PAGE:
Fence removal in Wilderness Study Area in Wyoming benefits wildlife

Story and photos by Jared Oakleaf, Lander Field Office Outdoor Recreation Planner.

The Bureau of Land Management (BLM) Wyoming Lander Field Office, in partnership with Wyoming Wilderness Association, Friends of Dubois Badlands, and National Bighorn Sheep Center, hosted a fence pull in June in the Dubois Badlands Wilderness Study Area (WSA). The fence was no longer needed by the grazing permittee and removing it improved wilderness characteristics and wildlife migrations in this critical area. Close to a mile of barbed wire fence was removed, enabling wildlife to more easily navigate the landscape.

A volunteer rolls up barbed wire fence under a blue sky with mountains in the background.
A volunteer rolls up barbed wire fence.

"We had 15 volunteers and they all worked extremely hard," said BLM Outdoor Recreation Planner Jared Oakleaf. "Their appreciation and sense of stewardship toward their public lands is contagious."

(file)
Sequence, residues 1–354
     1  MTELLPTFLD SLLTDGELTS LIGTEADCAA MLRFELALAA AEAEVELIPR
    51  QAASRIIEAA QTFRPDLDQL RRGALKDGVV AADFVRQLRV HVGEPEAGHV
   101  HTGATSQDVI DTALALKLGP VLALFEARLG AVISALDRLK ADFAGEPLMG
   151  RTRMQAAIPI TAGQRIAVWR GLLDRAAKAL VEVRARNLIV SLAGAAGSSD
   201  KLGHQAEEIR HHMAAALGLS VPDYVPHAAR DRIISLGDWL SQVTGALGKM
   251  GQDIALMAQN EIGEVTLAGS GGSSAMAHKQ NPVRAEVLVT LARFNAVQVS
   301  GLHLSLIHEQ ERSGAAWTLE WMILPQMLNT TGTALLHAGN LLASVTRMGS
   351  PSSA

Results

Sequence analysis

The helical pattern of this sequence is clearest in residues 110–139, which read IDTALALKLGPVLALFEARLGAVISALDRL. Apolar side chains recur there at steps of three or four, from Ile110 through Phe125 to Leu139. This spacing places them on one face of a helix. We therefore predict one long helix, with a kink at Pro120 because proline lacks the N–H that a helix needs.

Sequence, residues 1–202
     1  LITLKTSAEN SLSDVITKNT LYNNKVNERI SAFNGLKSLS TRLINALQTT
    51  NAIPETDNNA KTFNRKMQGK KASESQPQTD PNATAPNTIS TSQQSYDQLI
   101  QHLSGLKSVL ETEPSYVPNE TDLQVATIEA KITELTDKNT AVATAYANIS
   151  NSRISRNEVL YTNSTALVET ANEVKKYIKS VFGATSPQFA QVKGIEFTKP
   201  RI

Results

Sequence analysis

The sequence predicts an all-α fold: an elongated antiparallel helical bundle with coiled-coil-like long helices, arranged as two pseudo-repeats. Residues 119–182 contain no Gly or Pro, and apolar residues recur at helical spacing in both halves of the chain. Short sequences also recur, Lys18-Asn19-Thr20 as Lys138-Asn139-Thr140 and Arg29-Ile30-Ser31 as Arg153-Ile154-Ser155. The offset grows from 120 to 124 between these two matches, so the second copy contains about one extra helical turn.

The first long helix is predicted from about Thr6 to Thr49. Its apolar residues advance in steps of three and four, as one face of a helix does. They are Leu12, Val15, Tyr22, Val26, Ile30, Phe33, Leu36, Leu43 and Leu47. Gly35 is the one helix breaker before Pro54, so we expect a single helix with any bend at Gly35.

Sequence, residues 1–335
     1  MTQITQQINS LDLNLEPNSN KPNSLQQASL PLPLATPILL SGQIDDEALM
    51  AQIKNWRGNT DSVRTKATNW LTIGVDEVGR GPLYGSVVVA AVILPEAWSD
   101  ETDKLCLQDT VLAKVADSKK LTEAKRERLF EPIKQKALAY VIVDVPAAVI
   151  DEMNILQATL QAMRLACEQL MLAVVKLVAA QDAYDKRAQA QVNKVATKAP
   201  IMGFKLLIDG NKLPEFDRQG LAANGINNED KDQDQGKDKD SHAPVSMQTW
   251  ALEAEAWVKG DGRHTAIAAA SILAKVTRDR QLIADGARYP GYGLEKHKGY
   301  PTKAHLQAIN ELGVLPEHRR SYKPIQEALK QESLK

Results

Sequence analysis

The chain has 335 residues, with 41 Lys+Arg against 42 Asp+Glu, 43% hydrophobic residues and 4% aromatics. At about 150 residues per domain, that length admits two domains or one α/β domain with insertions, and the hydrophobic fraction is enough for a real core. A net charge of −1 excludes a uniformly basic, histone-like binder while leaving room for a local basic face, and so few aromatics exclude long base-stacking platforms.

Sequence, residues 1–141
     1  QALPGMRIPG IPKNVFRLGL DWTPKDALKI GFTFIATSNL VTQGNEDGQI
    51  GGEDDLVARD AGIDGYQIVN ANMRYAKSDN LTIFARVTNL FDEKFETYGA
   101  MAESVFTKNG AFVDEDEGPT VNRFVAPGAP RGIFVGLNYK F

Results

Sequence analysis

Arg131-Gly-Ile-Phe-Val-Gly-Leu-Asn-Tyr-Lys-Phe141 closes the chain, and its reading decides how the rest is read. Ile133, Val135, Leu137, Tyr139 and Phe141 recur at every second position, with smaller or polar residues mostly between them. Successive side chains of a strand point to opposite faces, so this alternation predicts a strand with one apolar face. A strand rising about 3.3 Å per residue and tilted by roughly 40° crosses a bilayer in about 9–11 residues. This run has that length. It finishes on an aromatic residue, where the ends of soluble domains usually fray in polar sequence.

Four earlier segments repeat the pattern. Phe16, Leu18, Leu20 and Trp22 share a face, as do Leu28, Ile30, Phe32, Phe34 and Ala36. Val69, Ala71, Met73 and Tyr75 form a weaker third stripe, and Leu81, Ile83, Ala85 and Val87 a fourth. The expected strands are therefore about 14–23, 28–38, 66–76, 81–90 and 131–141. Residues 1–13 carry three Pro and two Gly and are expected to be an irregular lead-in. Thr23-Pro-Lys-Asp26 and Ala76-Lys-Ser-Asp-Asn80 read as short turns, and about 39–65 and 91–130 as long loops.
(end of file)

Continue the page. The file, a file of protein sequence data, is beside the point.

Participants ranged in age from two to 78.

rolls of barbed wire lie in the grass under a blue sky
Close to a mile of unneeded barbed wire fence was removed.
grassy landscape with a line of fence posts
Fifteen volunteers and staff from partnering groups cut the barbed wire from close to a mile of fence line.

The Town of Dubois is surrounded by the remarkably scenic and wild Dubois Badlands WSA. The WSA is home to the nation’s largest free-ranging winter elk herd (which summers in Yellowstone) and a large herd of Rocky Mountain bighorn sheep. As a big bonus, public land in the Dubois area also contains important habitat for Canada lynx, grey wolf and grizzly bear.

Scenic landscape of the Dubois Badlands Wilderness Study Area: red cliffs and a blue stream
The Dubois Badlands Wilderness Study Area is known for its spectacular scenery, unique geology, and an abundance of wildlife. (Photo by Bob Wick)